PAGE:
16 February:

It’s alive…

--> cas:taylor x 0 (cas:fn x \sin x)
ƒ(x)=(- x (+ (+ (* (/ 1 6) (** x 3)) (* (/ 1 120) (** x 5))) (o (** x 6))))
--> cas:integral (cas:taylor x 0 (cas:fn x \sin x)) dx
ƒ(x)=(- (- (* (/ 1 720) (** x 6)) (+ (* (/ 1 24) (** x 4)) (* (* (/ 1 2) x) x))))

13 February:

I have decided to decommission Lovelace (the i5-7400 16G server) and sell it. Primarily because it’s not very power efficient and I can move my services to VPSes anyway.

9 February:

An interesting method of computing permutation parity using the 3-cycle composition property:

bool parity(int * p, int n) {
    if (n == 1) return 0;
    int C[n], I[n];
    for(int i = 0; i < n; i++)
        C[i] = i, I[i] = i;
    for (int i = 0; i < n - 2; i++) {
        if (C[i] != p[i]) {
            int j = I[p[i]];
            int tmp = C[i];
            C[i] = C[j];
            int k = j == n - 1;
            C[j] = C[n - 1 - k];
            C[n - 1 - k] = tmp;
            I[C[n - 1 - k]] = n - 1 - k;
            I[C[j]] = j;
            I[C[i]] = i;
    return C[n - 1] != p[n - 1];

Unsurprisingly, translates horribly into array logic languages. I wonder how would I implement it in my Lisp…

January 2023

14 January:

A (hopefully) interesting idea: A virtual machine with a rich standard library and instruction set, procedural, functional, based on the Actor model. I plan to use only reference counting and cycle collection, have it be variable-based (no manual register allocation and no stack to make matters worse). Fully immutable, but it’s possible to implement functional data structures using a cute way built into the interpreter. Likely JIT-compiled using either cranelift or llvm. Can send code over the LAN or even the Internet for transparently parallel execution. Provides some cute utilities for number pushing; completely statically typed and ideally the code is monomorphised before being passed to the VM.

December 2022

31 December:

Dealing with open source software is depressing.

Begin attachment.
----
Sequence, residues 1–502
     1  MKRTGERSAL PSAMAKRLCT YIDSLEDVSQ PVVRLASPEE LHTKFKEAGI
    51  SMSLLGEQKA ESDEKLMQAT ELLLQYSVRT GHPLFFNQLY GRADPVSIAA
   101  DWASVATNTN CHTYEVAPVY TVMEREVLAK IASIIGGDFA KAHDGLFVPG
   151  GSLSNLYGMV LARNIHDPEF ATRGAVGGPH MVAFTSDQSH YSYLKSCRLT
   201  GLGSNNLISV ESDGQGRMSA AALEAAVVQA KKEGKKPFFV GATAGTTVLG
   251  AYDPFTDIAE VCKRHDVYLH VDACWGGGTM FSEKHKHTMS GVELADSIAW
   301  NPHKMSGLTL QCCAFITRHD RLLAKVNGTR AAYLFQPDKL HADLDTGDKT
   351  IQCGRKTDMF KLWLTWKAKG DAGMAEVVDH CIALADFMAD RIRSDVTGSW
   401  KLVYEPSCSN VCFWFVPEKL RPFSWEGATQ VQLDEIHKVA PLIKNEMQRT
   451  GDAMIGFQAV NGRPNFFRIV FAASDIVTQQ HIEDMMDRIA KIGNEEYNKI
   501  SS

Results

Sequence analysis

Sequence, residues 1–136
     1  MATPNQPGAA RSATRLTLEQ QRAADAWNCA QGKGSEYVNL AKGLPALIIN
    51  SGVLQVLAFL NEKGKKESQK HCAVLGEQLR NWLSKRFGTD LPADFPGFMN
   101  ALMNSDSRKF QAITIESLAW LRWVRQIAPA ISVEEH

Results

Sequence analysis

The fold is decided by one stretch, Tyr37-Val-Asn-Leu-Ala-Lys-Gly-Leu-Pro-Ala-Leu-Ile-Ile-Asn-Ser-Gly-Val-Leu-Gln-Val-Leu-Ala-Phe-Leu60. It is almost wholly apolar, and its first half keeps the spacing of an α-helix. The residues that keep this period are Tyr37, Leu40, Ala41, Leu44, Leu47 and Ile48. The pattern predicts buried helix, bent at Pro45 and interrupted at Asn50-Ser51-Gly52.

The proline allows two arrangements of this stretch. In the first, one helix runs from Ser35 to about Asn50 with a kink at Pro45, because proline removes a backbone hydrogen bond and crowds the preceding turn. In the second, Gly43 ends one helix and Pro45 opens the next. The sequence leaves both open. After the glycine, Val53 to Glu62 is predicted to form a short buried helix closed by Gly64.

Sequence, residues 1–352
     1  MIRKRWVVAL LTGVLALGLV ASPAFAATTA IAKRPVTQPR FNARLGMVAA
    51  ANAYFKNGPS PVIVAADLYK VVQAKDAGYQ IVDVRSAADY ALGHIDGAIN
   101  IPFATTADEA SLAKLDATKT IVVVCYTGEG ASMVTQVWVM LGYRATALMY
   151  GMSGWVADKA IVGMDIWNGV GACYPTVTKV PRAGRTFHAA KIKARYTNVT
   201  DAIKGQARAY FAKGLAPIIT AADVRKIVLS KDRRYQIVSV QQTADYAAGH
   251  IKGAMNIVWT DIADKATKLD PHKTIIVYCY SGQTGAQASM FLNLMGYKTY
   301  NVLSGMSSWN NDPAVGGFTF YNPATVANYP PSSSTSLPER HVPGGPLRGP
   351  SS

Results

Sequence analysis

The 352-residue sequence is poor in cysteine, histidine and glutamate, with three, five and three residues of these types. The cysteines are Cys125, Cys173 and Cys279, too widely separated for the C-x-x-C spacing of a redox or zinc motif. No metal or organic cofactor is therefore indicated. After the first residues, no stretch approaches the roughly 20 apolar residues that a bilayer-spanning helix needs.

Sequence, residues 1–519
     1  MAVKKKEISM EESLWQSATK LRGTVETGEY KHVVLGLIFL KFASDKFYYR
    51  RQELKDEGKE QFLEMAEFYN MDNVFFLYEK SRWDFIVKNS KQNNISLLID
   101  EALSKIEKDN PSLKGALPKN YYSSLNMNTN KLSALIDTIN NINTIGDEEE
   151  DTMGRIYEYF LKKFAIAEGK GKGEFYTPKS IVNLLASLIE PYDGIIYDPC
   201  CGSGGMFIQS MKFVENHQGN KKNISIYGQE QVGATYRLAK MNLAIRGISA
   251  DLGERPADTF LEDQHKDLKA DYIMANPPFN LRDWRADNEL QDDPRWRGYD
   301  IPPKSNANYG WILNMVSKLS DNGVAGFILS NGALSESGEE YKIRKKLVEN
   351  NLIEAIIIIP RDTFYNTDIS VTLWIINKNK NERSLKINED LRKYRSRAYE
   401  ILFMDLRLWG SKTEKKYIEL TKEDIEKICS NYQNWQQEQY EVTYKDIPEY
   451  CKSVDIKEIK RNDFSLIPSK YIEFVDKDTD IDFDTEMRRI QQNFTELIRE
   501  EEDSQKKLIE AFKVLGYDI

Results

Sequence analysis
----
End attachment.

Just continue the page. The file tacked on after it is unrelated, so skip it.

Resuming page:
Idiot 1 creates a library 1 that outperforms library 2, so you spend a while creating software around it that exploits its performance. then you realise that idiot 1 is stupid and there’s undefined behaviour all over the library. you report the bug, but idiot 1 closes the issue saying that segfault on invalid crafted input is expected behaviour, so then you fix some of the UB yourself, and eventually stumble upon a problem that doesn’t seem fixable an you’re 95% sure that fixing it ruins the performance gain the library provides.


20 December:

I hate programmers who have very big mouth and tunnel vision eyes that together jump to form the most radical and nonsense views I have seen in my life. And nothing to back their redundant opinions with.

8 December:

Having implemented the Lerch transcendent and Riemann zeta, now it’s time for the Hurwitz zeta. Technically speaking, the Lerch transcendent is a generalisation of the Hurwitz zeta, so that ζ(s,n)=L(0,n,s)=Φ(1,s,n); However, my implementation of Lerch phi (which is still not as efficient as I’d like…) computes the upper incomplete Gamma function value as a factor in the final result, and when z=1 a!=1 we stumble upon a funny case where the upper incomplete Gamma function has a complex pole /yet/ the Lerch phi is defined at this point (as of course the Hurwitz zeta).

The game plan now is to implement a somewhat general Euler-MacLaurin summation function and derive the formula for the n-th derivative of the Hurwitz zeta function with respect to s (which should obviously be trivial) to speed up the “general” method.

This will have an interesting consequence: We can compute an arbitrary derivative of the Hurwitz zeta at any point we wish, meaning that computing the Glaisher constant defined in terms of the derivative of zeta at some integral point will become attainable.

The pieces of puzzle in SciJava are slowly coming together.

5 December: